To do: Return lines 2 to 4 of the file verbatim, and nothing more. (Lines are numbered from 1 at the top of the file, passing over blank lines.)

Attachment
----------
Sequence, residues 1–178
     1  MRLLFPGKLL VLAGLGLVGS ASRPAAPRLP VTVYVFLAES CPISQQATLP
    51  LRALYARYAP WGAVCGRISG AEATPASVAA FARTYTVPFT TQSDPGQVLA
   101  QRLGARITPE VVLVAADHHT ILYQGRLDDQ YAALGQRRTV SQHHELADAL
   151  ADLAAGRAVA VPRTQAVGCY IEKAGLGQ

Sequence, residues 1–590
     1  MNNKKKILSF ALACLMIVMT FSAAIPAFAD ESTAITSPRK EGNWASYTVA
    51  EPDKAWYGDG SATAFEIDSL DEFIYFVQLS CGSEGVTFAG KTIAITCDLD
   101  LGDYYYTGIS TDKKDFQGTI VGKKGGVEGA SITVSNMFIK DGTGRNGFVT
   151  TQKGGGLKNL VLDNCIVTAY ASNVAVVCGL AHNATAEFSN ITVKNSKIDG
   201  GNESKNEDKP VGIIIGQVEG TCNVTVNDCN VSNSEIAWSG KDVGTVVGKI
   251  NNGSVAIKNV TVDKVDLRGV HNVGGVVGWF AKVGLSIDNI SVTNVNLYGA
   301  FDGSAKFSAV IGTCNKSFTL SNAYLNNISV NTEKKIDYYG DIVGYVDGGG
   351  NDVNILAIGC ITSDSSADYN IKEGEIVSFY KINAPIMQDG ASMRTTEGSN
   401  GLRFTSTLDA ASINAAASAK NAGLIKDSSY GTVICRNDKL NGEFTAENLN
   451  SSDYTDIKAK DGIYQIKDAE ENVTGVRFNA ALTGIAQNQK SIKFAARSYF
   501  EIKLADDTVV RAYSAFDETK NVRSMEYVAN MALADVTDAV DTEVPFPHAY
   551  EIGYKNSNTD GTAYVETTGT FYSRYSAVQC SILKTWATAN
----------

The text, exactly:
     1  MRLLFPGKLL VLAGLGLVGS ASRPAAPRLP VTVYVFLAES CPISQQATLP
    51  LRALYARYAP WGAVCGRISG AEATPASVAA FARTYTVPFT TQSDPGQVLA
   101  QRLGARITPE VVLVAADHHT ILYQGRLDDQ YAALGQRRTV SQHHELADAL